Indiana Hoosiers are the athletic program of Indiana University Bloomington. Its teams compete in twenty-four NCAA Division I sports and have been part of the Big Ten Conference since 1899. The official colors of the university are cream and dark crimson. There is no mascot, per se: at least the Hoosiers nickname is not associated with it. The word has long been used to refer to the people of Indiana, both aboriginal and modern.
The monogram that served as the prototype for the current Indiana Hoosiers emblem has been the hallmark of Indiana University Bloomington for more than a century. Its earliest version appears in the 1898 Arbutus under Athletics. The drawing is signed with the name Claude McDonald Hamilton. He is an alumnus of the university, editor of the Arbutus, and a member of the IU soccer team. True, it is unknown if he created the monogram himself or copied it from another source.
1976 – 1981
The emblem, which was approved in 1976, looks like a trident. It comprises the letters “I” and “U” with large rectangular serifs. The “I” intersects with the “U” at the bottom, dividing it into two equal fragments.
1982 – 2001
In the early 1980s, artists delineated the letters by adding wide black lines. Eventually, they made the image three-dimensional, but this made the monogram no longer look like a single symbol.
2002 – today
Another redesign involved changing the color scheme of Indiana University Bloomington. It included simple shades of white and red for a long time, but in 2002 the institution returned to cream and crimson tones. After that, the school’s management turned to designer Michael-Osborne to modernize the logo according to their instructions. Paul Kagiwada finalized the design a little later – he made the monogram easier and gave it a clearer and cleaner look.
Indiana University Bloomington and Indiana Hoosiers trademarks are the same. In fact, sports teams borrowed the emblem from their university without changing anything in it. Over the decades, the designers experimented several times with the width and color of the lines, but the basic structure remained the same: in the center were the joined letters “I” and “U.”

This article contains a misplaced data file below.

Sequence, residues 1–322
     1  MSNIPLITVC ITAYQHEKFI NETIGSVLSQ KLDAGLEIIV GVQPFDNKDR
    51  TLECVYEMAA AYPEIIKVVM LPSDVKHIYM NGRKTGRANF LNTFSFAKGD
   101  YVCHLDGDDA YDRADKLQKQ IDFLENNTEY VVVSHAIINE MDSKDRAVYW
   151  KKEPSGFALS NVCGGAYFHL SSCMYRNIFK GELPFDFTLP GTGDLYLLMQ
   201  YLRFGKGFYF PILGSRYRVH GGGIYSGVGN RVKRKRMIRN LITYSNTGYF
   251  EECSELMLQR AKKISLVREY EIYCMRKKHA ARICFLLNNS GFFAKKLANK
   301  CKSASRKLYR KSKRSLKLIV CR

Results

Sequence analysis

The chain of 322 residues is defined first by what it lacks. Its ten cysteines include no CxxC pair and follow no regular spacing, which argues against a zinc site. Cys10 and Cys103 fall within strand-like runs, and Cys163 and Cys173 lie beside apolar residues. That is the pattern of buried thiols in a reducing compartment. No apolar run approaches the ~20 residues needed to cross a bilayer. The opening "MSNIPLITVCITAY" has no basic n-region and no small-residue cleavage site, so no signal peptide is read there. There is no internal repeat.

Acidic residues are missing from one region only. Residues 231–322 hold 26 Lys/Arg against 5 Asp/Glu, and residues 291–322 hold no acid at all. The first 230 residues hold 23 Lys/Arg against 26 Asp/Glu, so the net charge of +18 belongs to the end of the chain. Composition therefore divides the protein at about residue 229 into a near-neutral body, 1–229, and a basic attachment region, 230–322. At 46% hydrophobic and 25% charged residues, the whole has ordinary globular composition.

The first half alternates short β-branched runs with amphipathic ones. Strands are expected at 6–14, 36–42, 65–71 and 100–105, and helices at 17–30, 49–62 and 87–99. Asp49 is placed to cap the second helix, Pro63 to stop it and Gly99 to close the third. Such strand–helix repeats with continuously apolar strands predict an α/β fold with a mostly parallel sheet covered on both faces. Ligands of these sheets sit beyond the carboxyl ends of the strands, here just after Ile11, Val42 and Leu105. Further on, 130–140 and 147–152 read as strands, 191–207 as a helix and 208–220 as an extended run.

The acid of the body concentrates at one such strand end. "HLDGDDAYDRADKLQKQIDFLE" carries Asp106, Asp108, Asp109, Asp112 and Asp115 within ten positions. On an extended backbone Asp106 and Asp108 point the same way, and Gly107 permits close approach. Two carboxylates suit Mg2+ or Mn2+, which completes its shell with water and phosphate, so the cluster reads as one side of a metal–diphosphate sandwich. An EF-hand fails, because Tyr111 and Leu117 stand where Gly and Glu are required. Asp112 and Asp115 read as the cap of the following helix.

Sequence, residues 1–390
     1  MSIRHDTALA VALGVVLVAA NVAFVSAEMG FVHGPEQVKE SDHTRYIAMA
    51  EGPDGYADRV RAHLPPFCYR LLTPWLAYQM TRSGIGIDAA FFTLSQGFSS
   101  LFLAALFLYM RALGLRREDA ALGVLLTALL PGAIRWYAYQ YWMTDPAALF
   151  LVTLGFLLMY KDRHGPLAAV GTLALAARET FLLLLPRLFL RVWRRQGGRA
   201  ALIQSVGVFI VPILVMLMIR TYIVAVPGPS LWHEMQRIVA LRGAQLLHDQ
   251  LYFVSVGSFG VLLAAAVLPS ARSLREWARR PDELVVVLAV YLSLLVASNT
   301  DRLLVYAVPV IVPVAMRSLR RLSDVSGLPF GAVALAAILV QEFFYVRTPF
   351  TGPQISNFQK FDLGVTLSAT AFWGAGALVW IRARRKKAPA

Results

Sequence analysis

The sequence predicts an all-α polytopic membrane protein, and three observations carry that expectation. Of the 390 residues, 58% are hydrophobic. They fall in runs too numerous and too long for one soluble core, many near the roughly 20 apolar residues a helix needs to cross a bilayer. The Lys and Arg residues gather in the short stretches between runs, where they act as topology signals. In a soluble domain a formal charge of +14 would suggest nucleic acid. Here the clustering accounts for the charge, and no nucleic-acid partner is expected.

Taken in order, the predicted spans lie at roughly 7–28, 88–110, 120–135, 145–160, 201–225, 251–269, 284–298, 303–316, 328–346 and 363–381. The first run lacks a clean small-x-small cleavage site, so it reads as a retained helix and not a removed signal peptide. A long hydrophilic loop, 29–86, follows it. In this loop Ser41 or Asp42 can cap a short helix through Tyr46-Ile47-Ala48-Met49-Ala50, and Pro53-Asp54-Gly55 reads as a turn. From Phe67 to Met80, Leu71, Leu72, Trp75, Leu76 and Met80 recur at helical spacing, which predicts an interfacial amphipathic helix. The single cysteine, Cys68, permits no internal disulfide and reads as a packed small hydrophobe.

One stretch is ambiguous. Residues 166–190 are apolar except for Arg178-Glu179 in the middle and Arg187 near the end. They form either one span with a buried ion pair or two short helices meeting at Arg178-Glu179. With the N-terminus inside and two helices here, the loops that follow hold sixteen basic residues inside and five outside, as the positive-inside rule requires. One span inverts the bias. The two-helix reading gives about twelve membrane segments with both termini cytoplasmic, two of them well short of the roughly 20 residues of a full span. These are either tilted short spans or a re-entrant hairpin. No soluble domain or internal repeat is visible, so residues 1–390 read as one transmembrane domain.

This adherence to tradition shows that students and staff of the institution considered the logo to be flawless. There were no additional elements, as the university did not have a mascot that could be depicted next to the monogram.
The Indiana Hoosiers are famous for their basketball program, which in 2018 was ranked as the second-best in the United States. In the 1975-1976 season, the men’s team finished first in the NCAA Men’s Division I Tournament. In addition, it had 66 wins in the NCAA Tournament and 22 in the Big Ten Conference Championships. The women’s team’s success has been impressive, with the basketball team winning the Women’s National Invitation Tournament and Big Ten Tournament.
The baseball team has appeared in eight NCAA Tournaments, including one College World Series appearance. At the same time, it won seven regular-season championships.
The Indiana Hoosiers soccer team originated in 1884. Since then, it has won the Big Ten Championship twice: in 1945 and 1967. In addition, players have participated in the 1968 Rose Bowl and other such games.
Soccer is one of the greatest programs in the history of intercollegiate sports. It was launched in 1973 and in that time has managed to beat the competition in many soccer games. The men’s team has won 52 All-America awards, won 11 Big Ten Tournaments, and eight NCAA Division I Men’s Soccer Tournament titles.
The Indiana Hoosiers have been a member of the Central States Collegiate Hockey League (Division I) since 2010. It has proven itself in the GMHL, MCHL, and Big Ten Hockey League championships. Its home games are played at Frank Southern Arena.
Font and Colors of the Emblem
There are many symbolic elements in the seal of an educational institution, and all of them, in one way or another, are related to light. It is mentioned in the motto “Lux et Veritas” and is embodied in the sun’s image with 48 rays in the shape of cut quartz crystals. The book, in turn, symbolizes the way out of the darkness of ignorance to the light of truth.
At the same time, the most recognizable sign of Indiana University is a trident, which appeared the century before last. This simple figure consists of the letters “I” and “U.” But it has much more meaning than the usual monogram. It has become a powerful and iconic symbol familiar to almost everyone in the Midwest United States. Academic campuses, student organizations, and sports teams use it, and it is depicted on souvenirs and clothing. So the trident can be considered a distinctive trademark of the university.
The “IU” in the monogram resembles similar letters in the Hoosier Bold font. First of all, they are similar due to the broad strokes and rectangular serifs. Also, in both, the lower parts of the “U” are cut at a 45-degree angle. For the university’s name in the logo, an antique typeface was chosen, similar to Telemaque FY Medium from FONTYOU or Bodoni Serial Medium from SoftMaker. Only the “N” has no upper left serif. The font of the text on the print is bold grotesque.
Indiana University’s primary colors since 1888 are crimson (#990000) and cream (#EDEBEB). But now, only the first is used, and the second does not appear anywhere. It was forgotten because it is poorly reproduced. In corporate style, a shade of red is combined with white, although the print and logo can be simple black and white in exceptional cases.